KAOS, Kaos Among Us (2003, Oblivion Entertainment)
Fashioning a chaos symbol out of swords was an inspired idea, and of course cramming them through a skull was the right thing to do. I like the bonus spiky flails as well; they have no business being there, and that’s what makes them work. But I could have done without the generic background of brown and fire. The whole thing looks like an ad for a Games Workshop product, and though that was pretty cool when Bolt Thrower did it in 1989, whatever metal cred being able to field a 3000 point Chaos Space Marine army might have once established, now you just look like some video game dweeb when you lay on the grimdark too thick.
When I first started spinning this, I thought it was pretty good modern rethrash, if a bit heavy on the crossover elements. I mean, it’s not awesome, and it’s not original by any stretch, but it’s got the fire and energy of a band who at least believe they’re doing more than recreating the sound of a scene they were too young to have experienced firsthand. But then I looked up the release date and saw that this came out long, long before the current trend for mosh exhumation, and it all started to make sense. In fact, Kaos started turning out demos in 1988, making them an honest-to-god first wave thrash band, even if it took them until the year 2000 to release a proper album. Imagine if Sadus started drifting toward hardcore after Swallowed In Black, and you’ll have a pretty good idea of what Kaos sounded like circa 2003. Not too shabby! Unlike 99.999% of today’s young thrashers, Kaos obviously have more inspiring source material in their record collections than Exodus, Slayer, and Ride the Lightning. The vocals are like a blown-out holler, none too pleasing, and no one is going to accuse Kaos of breaking new ground on their riffing, but this album was clearly made by lifers who knew what they were doing. As I get older and more jaded, I more on more rely on these gut-level inferences about a band’s intentions, which I know is not rational, but whatever. Kaos aren’t awesome, but better them than Toxik Holocaust.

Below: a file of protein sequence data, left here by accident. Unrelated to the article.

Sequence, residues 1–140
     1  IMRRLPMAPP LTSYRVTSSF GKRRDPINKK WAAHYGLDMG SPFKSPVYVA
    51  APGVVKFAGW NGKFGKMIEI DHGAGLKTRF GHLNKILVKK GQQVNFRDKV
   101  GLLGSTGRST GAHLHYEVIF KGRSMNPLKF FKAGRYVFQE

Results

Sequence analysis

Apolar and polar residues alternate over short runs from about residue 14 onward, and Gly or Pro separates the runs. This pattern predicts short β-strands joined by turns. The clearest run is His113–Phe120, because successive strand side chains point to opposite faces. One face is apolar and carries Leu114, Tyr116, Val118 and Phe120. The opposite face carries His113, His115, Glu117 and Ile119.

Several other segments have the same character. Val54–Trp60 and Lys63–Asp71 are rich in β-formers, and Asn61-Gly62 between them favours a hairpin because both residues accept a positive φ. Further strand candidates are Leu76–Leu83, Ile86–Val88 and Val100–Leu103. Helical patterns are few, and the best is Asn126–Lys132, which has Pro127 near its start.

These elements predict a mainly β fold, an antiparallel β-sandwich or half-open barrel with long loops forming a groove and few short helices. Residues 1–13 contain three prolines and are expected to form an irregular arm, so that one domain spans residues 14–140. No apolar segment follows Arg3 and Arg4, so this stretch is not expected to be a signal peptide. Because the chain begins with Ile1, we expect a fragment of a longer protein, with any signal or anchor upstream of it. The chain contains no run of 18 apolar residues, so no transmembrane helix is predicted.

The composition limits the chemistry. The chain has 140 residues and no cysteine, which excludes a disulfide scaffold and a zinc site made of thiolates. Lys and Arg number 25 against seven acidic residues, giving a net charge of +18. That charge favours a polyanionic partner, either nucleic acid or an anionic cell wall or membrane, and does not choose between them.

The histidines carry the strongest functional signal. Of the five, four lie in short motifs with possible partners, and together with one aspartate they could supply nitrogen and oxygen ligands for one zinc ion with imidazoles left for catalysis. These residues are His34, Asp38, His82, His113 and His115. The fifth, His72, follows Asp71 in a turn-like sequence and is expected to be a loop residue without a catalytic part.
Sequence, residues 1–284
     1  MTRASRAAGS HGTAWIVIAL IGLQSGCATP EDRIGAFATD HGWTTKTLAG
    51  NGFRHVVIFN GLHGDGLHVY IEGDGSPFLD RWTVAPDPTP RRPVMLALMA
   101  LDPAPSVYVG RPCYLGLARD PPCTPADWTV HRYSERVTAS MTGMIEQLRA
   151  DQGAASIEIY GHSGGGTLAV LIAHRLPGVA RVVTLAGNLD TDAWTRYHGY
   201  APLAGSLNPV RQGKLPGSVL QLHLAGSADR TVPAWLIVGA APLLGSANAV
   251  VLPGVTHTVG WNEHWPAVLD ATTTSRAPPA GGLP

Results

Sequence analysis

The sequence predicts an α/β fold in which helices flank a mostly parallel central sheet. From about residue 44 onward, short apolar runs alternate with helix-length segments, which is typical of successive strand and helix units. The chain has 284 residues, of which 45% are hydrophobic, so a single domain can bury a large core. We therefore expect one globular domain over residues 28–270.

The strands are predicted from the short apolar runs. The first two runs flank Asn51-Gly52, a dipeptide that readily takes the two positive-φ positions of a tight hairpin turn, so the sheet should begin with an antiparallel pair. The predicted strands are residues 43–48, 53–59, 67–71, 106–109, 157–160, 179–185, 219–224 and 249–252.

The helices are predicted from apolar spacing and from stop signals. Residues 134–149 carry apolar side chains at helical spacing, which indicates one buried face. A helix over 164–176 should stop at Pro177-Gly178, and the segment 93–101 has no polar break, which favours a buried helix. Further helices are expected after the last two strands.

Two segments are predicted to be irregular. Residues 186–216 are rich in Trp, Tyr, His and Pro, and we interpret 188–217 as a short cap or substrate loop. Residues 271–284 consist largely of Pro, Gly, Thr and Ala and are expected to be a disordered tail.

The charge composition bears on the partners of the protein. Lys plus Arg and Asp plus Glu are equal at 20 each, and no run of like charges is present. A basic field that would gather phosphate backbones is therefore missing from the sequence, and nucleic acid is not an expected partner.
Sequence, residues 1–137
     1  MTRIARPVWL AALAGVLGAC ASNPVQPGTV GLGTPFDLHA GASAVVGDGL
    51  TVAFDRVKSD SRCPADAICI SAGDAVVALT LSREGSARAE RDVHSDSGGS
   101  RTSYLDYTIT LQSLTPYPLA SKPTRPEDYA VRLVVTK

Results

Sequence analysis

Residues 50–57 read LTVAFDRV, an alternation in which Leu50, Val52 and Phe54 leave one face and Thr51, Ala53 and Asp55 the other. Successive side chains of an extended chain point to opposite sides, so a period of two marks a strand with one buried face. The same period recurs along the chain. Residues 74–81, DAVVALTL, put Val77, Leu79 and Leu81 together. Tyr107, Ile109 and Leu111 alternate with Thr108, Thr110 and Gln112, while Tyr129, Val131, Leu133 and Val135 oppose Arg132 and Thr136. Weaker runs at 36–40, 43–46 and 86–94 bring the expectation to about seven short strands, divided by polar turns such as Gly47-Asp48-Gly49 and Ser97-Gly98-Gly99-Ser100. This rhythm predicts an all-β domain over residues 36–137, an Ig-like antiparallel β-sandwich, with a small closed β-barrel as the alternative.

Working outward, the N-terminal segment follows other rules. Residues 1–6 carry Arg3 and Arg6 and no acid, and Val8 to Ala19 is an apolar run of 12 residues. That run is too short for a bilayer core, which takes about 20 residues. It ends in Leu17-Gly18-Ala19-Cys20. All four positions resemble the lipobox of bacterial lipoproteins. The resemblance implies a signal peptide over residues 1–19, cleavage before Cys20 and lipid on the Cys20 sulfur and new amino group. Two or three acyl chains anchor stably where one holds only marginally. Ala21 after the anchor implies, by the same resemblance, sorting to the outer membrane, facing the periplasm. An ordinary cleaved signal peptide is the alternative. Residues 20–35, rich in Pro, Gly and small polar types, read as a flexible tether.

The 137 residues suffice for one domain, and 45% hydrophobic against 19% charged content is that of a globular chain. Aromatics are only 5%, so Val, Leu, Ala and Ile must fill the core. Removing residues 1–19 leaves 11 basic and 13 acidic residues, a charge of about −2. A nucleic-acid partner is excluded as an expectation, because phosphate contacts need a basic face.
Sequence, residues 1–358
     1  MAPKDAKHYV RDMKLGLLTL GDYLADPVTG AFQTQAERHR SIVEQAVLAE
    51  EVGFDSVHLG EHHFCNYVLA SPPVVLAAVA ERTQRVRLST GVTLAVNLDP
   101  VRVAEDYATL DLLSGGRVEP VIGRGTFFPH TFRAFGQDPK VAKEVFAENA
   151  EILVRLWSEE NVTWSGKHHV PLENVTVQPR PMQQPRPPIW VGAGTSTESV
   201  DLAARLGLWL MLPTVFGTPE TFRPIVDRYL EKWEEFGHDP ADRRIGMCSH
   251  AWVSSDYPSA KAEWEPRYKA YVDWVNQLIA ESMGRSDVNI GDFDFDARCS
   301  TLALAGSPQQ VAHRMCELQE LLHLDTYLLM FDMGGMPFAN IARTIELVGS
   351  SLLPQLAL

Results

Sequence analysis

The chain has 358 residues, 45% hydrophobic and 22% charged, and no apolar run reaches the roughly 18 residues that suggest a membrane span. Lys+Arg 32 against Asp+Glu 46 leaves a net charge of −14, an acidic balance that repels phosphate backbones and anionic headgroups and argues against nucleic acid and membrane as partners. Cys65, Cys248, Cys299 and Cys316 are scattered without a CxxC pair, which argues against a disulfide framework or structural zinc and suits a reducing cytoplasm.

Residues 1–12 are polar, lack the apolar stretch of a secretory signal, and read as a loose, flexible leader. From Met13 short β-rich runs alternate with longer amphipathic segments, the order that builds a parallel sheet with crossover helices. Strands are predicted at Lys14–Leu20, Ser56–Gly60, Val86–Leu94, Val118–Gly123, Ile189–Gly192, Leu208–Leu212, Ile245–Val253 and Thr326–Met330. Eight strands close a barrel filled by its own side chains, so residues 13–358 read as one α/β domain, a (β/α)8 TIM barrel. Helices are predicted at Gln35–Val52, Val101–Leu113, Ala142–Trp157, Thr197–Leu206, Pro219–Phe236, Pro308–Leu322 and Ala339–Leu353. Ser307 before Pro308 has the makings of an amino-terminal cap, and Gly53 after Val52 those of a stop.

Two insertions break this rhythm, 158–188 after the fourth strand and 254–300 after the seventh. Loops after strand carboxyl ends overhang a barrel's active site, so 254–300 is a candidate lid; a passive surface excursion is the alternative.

— Friar Johnsen
THE MASS, Towards Darkness (2004, Great White North)
Now what do you think that snake is doing up there? Skulls, as we know, are often found levitating above cemetaries and whatnot, and of course it’s not uncommon for swords to arrange themselves behind such floating skulls. Walk through any graveyard and you’re likely to see such a scene. But then there’s this snake all wrapped around that shit, and barely holding on, to boot. What’s his game? Is he lying in wait for his prey, the unsuspecting mourners he expects to file past these crooked and ancient headstones? Or is he maybe playing a trick on some of his snake buddies? Did he call them up and say, “Yeah, dudes, meet me under the floating skull. I got something awesome to show you!” knowing full well that his serpentine pals would just slither there on their bellies, like they always do, never thinking to look up? And then when they’ve all been waiting for like 10 minutes, wondering when the fuck he’s doing to show up, BAM! He drops on them yelling “Booga booga!” and scaring the shit out them. That’d be a real fucking gas, right?
Doomy death metal or deathy doom metal, take your pick, The Mass trade in more sophisticated riffs than the fuzzed-out Sabbath-worshipping stoner doom crowd, but can’t at all compete with the paralyzing dirge of true doom death masters like Morgion. Nor do they capture the gothic solemnity inherent to the best albums from, say, My Dying Bride. No, The Mass just plays really slow. And they sometimes play with a real lack of weight, as when the single guitar switches to clean melodic lines or a lead, and all that’s left to hold down the fort is a fizzy bass and the incredibly dry drums. I suppose it’s to their credit that they don’t attempt to fill that empty space in the studio when they know they can’t bring it live (having only a single guitarist), but still, when the rhythm guitars go away, it feels like some of the band just left the room. The Mass aren’t terrible, but they are pretty dull, and while I’d take them over pretty much any band to whom the descriptor “sludgy” could be fairly applied, I’d probably just as soon listen to nothing.
— Friar Johnsen